Jonathan Sabbagh the co-founder and CEO of Journey Clinical. He spent the first 20 years of his professional career working in finance, where he occupied a variety of roles including building two businesses from the ground up. While building one of them, he suffered a burnout that was the result of undiagnosed post-traumatic stress disorder. After being heavily medicated, suffering from substance abuse issues, and undergoing a lot of psychotherapy, Jonathan finally found relief in a series of traditional ayahuasca ceremonies and ketamine-assisted psychotherapy; experiences where he discovered he needed to lead a more integrated life and to be in service to others. He quit finance and went back to school to study clinical psychology. While he was on his path to becoming a clinician, he felt the need to integrate his background as an entrepreneur with his long-term goal of becoming a psychedelic therapist in order to expand access to psychedelic-assisted psychotherapy. This is the genesis of how Journey Clinical was born.


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PT283 – Greg McKee – Nociplastic Pain and Psychedelics

In this episode of the podcast, Joe interviews Chairman and Chief Executive Officer of Tryp Therapeutics, Greg McKee. 

Tryp Therapeutics, a fairly young, early-stage biotech company, is focusing on nociplastic pain (the hard-to-explain pain where nothing seems physiologically wrong, but a nerve signal related to pain seems to be stuck in the “on” position) and how it could be alleviated through the rewiring often possible in the psychedelic experience. They are first looking at psychedelics for chronic pain and eating disorders, and when this podcast was recorded, had just received FDA clearance to begin a fibromyalgia study at the University of Michigan (with studies on phantom limb pain, complex regional pain syndrome, binge eating disorder, and hypothalamic obesity likely coming after). They are also working on a psilocybin derivative-based novel compound and novel route of administration/protocol, possibly with the ability to stop a difficult trip when necessary.

McKee discusses the origins of Tryp, the benefits of using synthetics, 5-MeO-DMT, how the Nixon administration killed research progress, the positives to take away from Compass Pathways’ preliminary psilocybin Phase 2B trial results, MAPS and possible insurance models, Robin Carhart-Harris, why a lot of early psychedelic investors may be mistakenly panicking, and the idea of insurance covering the treatment of a patient for a period of time rather than number of visits.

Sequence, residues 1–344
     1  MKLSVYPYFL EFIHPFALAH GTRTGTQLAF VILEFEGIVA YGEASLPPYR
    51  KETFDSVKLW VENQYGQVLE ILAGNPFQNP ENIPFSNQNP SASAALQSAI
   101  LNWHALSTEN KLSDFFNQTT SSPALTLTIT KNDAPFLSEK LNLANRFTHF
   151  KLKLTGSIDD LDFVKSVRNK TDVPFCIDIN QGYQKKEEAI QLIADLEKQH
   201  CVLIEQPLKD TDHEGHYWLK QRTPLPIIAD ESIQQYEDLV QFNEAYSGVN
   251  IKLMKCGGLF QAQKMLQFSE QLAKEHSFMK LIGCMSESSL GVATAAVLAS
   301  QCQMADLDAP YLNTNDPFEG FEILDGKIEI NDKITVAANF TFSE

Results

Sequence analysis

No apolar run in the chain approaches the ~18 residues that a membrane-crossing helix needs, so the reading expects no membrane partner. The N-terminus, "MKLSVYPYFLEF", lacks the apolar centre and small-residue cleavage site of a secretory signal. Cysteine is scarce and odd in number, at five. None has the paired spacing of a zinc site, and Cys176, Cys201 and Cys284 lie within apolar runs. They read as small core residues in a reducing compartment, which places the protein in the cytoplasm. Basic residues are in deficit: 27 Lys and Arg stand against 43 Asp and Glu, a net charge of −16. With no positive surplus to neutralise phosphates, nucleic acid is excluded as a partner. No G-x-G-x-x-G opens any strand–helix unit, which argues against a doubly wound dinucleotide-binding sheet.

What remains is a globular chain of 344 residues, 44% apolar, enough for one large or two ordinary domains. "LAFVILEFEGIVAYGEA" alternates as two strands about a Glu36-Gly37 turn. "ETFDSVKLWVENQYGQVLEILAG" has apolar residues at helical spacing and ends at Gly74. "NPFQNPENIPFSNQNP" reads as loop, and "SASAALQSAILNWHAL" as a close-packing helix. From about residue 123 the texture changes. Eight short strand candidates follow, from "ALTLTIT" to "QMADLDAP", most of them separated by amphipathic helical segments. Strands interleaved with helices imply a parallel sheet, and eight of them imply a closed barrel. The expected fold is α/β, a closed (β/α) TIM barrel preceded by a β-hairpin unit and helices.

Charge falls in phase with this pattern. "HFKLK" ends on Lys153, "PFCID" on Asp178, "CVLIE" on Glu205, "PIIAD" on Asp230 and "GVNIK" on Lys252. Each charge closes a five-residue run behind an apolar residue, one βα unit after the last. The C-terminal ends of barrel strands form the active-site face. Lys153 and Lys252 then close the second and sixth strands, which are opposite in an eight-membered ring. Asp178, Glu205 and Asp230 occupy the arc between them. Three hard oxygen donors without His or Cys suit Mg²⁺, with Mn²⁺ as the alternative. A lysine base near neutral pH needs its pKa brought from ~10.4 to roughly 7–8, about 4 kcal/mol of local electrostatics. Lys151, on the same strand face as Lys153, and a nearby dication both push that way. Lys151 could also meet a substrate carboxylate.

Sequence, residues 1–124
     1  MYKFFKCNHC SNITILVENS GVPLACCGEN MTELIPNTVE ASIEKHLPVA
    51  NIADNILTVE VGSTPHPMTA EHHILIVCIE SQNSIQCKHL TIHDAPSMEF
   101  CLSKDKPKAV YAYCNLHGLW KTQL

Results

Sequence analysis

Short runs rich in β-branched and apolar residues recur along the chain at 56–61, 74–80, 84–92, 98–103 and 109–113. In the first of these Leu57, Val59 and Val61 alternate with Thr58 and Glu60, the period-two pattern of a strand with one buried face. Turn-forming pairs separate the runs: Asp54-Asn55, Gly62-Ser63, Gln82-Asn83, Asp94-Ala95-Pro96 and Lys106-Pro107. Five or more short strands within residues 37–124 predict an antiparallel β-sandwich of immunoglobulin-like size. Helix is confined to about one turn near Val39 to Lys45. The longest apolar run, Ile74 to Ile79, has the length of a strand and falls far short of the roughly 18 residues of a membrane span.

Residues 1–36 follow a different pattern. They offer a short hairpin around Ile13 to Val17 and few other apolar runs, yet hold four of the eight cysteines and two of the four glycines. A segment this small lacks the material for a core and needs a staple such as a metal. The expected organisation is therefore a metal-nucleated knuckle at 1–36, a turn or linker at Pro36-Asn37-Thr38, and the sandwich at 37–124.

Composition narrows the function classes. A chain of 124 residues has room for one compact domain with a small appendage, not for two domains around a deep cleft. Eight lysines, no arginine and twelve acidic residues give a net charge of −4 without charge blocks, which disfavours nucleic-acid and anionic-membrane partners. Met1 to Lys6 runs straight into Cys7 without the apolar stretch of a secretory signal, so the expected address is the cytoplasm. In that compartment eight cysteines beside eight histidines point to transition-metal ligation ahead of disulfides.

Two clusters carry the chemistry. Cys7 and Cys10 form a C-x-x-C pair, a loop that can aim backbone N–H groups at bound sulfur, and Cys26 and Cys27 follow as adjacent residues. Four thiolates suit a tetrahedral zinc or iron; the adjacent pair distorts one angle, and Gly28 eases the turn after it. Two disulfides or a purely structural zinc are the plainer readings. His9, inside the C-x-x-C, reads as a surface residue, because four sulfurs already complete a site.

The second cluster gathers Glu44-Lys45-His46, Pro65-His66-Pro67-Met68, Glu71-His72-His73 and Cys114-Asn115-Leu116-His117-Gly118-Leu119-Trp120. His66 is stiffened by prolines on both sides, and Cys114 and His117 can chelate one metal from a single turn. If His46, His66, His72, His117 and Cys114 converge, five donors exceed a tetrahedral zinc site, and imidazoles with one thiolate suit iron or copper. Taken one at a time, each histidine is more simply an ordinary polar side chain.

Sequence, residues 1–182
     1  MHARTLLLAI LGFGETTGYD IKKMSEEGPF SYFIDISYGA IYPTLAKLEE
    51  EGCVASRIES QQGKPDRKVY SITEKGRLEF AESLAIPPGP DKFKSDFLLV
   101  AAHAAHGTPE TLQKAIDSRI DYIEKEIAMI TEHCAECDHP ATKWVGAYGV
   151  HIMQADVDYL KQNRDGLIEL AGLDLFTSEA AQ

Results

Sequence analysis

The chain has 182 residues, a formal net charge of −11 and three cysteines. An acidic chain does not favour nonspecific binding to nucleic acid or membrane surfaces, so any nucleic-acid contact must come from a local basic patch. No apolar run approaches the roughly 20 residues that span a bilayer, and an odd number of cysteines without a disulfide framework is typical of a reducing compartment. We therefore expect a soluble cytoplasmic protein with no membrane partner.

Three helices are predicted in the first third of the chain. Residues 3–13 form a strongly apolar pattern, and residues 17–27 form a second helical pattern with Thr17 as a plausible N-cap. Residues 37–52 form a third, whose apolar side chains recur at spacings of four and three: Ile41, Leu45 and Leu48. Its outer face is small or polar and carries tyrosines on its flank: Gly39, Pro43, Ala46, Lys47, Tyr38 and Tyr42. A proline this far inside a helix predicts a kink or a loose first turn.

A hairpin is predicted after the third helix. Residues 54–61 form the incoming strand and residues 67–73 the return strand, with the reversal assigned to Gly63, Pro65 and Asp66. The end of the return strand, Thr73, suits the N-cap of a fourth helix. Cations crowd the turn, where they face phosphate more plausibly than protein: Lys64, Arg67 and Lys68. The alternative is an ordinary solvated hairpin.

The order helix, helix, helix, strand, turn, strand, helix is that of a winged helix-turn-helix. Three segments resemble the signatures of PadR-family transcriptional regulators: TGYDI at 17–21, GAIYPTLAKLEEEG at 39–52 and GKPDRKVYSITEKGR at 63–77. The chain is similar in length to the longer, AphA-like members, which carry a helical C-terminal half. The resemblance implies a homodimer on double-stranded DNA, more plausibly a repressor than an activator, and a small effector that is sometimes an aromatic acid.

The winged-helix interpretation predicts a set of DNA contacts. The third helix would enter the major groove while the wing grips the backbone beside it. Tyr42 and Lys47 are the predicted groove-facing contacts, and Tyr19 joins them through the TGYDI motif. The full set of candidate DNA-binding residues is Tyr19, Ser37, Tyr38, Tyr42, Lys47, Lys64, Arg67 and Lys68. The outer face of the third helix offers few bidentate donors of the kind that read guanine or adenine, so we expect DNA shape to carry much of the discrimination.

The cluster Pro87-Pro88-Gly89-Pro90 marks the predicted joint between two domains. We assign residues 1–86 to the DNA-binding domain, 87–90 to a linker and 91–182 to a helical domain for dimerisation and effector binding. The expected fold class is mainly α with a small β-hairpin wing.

Notable Quotes

“We think that there’s a huge opportunity to unleash the full potential of psychedelics, well beyond traditional mood disorders.”

“It’s a fascinating field, no doubt. There’s a lot to be learned and there’s still a lot more questions, frankly, than answers. That’s the thing that’s really quite surprising. I mean, I’ve been on a learning curve [and] I got right to the edge fast, because I realized, ‘Oh shit, nobody has the answers to these questions.’” 

“The thing about synthetic is that it just allows you not only to have consistency and all that that we just [talked] about, but it allows you to scale so you can impact so many other people’s lives. So it is a little bit of a pain in the backside to go through this process, and I can totally get why certain people are saying, ‘Hey, why do we need the pharma industry to do this?’, but on the other hand, if life science investors and biotech and pharma companies do get involved and push this through to market; boy, you’re going to be able to treat so many more patients.”

Links

Tryptherapeutics.com

Tryp Therapeutics Linkedin

Twitter: @TrypTherapeutic

YouTube: Stanislav Grof: Psychedelics and the Future of Humanity, from Psychedelic Science 2017

Psychedelics Today shop: Save a Toad Short-Sleeve Unisex T-Shirt (it’s “exploit a chemist,” not “squeeze,” Joe)

Chasing the Scream: The First and Last Days of the War on Drugs, by Johann Hari

University of Michigan: Chronic Pain & Fatigue Research Center (where Dr. Dan Clauw works)

Compasspathways.com: COMPASS Pathways announces positive topline results from groundbreaking phase IIb trial of investigational COMP360 psilocybin therapy for treatment-resistant depression

Gwpharm.com

Epidiolex.com

Psychedelics Today: PT245 – Robin Carhart-Harris – Psychedelics, Entropy, and Plasticity

About Greg McKee

Greg McKee serves as Chairman and Chief Executive Officer of Tryp Therapeutics. Greg has served in executive management positions for more than 20 years. He started his career in life sciences with Genzyme before serving as Chairman and CEO of publicly traded Nventa Biopharmaceuticals. Greg also served as CEO of CONNECT, a startup accelerator, and as Co-founder and Managing Director of Torrent Ventures. Greg earned a BA in economics from the University of Washington, an MA in international studies from the University of Pennsylvania, and an MBA from the Wharton School. He has worked in Tokyo for seven years and has been a member of YPO since 2006.